[I]Just checking in to see if the new PiezoDN QTR curve(s) have been released yet?
Not yet. We have it working internally for Palladium/PotassiumOxalate on four papers and three printer variations (1430,3880,4900,and 9900 upcoming) on Selenium K6 ink + GO. It will enable self linearization and profiling of darkroom negatives for those with a spectrophotometer. The only catch is that limiting neg density will need to be done in either photoshop (a 2 seconds worth of labor by adding a straight line curve or levels adjust) or by us directly in the .quad (for those who can send us LAB* measurements this procedure will be very inexpensive. For those who send us full targets and .quads to linearize, this will be like our normal custom profile price). Roy’s linearizer does not do density limitations inside .quads.
[I]Are you planning on revising the piezography manual to include this new process or a separate workflow write-up? [/I]
Yes!!! This is what the hold-up is about because we want to make sure the documentation is there so we have enough time to continue R&D for other mediums instead of answering questions. It will start out as a seperat workflow write-up and gradually get into The Piezography Manual 2016 Edition once we do some revisions of that.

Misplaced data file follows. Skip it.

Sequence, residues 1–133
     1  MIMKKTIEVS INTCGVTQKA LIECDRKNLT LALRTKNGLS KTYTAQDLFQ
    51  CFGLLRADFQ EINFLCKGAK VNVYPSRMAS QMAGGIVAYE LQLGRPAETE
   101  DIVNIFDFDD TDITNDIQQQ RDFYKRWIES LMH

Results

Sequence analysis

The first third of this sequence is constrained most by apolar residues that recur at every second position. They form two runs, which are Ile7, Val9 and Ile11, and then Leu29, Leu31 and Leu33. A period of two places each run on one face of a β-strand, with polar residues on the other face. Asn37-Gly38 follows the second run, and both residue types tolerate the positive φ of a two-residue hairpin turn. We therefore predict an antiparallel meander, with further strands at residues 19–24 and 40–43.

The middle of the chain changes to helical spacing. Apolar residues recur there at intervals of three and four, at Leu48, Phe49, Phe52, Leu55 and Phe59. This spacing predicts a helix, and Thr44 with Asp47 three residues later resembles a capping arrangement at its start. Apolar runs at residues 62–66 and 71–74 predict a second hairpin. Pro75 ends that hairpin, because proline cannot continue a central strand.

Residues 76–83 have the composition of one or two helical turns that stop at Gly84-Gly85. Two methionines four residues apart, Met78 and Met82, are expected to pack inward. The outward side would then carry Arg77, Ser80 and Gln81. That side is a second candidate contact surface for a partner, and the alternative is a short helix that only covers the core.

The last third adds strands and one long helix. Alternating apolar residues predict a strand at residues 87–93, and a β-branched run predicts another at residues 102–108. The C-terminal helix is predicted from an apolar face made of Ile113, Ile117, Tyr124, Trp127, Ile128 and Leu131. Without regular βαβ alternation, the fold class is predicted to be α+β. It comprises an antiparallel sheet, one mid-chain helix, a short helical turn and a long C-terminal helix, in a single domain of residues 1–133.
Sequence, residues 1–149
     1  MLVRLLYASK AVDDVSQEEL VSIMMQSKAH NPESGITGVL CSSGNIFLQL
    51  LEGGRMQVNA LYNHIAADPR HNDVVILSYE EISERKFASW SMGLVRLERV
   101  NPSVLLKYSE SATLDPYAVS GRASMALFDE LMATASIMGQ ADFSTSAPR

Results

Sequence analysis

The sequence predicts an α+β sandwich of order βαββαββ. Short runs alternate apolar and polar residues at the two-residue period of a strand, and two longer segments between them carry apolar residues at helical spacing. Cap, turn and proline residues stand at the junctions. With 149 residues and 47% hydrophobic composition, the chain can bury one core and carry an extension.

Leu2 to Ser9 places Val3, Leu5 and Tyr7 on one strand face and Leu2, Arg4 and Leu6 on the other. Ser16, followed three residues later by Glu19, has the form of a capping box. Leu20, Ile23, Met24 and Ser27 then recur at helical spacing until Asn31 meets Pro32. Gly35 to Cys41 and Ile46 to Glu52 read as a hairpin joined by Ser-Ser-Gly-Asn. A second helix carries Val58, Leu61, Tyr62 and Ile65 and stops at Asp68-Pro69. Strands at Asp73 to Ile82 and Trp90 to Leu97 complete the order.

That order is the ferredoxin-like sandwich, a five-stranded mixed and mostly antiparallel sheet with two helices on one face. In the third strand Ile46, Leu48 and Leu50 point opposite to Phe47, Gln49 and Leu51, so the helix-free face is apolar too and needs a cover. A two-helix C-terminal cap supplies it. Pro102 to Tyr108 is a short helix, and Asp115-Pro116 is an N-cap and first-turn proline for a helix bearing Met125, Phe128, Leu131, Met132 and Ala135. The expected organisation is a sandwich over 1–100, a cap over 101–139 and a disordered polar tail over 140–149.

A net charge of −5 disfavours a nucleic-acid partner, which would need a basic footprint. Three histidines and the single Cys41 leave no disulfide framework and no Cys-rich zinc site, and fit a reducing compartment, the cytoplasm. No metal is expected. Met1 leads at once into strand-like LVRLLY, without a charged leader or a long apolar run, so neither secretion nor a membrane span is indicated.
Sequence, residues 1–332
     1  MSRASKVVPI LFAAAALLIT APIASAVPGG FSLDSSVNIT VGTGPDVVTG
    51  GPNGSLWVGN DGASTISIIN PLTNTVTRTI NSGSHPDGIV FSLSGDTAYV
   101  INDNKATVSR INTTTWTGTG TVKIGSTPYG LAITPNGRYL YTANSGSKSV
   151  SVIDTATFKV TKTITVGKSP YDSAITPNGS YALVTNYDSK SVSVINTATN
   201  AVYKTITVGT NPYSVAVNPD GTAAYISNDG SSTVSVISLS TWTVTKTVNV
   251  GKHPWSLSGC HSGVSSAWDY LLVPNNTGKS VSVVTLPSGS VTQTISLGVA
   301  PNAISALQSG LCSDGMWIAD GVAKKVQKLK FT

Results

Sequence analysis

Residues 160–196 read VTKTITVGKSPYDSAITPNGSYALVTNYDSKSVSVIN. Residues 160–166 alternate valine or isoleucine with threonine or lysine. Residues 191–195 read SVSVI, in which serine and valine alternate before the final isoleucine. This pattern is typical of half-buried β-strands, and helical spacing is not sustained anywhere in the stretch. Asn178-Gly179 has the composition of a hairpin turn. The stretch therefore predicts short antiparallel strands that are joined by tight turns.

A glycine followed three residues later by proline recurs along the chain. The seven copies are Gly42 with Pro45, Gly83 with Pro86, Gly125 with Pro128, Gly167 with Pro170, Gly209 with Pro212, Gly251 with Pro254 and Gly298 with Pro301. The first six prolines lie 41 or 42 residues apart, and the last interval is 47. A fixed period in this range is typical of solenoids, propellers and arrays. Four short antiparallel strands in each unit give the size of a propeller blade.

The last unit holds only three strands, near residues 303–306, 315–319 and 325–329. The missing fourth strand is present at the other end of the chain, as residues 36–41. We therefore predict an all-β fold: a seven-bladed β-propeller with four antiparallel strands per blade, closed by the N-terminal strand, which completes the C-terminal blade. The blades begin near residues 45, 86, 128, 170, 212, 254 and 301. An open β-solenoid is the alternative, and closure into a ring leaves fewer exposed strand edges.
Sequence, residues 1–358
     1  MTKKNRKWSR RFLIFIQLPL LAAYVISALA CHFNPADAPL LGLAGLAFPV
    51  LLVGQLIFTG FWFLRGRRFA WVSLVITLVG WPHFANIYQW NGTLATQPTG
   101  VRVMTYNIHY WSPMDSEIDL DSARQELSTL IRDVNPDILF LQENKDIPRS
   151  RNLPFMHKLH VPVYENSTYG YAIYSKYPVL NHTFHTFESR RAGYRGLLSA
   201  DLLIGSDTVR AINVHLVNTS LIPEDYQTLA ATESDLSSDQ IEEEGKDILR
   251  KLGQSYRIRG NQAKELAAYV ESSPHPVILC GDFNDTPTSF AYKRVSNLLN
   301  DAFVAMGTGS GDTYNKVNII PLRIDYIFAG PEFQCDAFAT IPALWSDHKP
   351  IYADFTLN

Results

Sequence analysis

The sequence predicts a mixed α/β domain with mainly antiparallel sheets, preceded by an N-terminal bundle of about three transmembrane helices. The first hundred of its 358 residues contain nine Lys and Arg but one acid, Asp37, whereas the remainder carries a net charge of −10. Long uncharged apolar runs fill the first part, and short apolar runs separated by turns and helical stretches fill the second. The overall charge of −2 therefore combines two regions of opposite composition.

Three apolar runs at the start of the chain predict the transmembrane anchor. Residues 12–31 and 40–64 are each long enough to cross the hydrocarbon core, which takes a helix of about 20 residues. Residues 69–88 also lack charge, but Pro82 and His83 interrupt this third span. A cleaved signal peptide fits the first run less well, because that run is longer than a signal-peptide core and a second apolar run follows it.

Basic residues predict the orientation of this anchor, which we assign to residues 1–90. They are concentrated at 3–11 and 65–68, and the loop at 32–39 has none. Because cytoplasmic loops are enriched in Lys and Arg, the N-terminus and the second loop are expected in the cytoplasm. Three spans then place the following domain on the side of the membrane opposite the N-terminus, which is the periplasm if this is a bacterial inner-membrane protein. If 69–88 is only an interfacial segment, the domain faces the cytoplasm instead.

Do the new PiezoDN curve(s) utilize all K6 inks (not counting / including GO); as in how do the K6 inks behave in the UV spectrum?[/I]
They utilize all K6 Selenium Inks. We have reformulated the selenium inks and master-curve building over the years from their beginning (when we first started dig-neg) and we are now able to do 1-6 printing instead of using shades 2.5 and 4.5 like in the past. With printers that have more than 6 ink channels, we are building the curves with GO that prints at the same time as the negs. This hardens the negative and protects it when doing full editions. It also acts as a small static deterrent. This is such an upgrade to the negative-making process we are making GO a requirement. It utilizes only 10% or so but that still makes a huge improvement.
The amazing part about these curves and how they interact with the ink and OHP for Palladium (and soon Platinum) is that they ramp up in density quickly for the shadows and ramp down quickly from white to the lightest gray. This control of density happens because we are printing between 3 and 5 grays in these tones at either end of the ramp. This enables the 256 density separation.
Also, because the darkroom-print shadows are actually printed highlights and because those inks are variably less then what you would print on paper (for the paper printed shadow areas), the shadow details are MORE ARTICULATED in a platinum print from PiezoDN then you get from even a Piezography print. Go figure.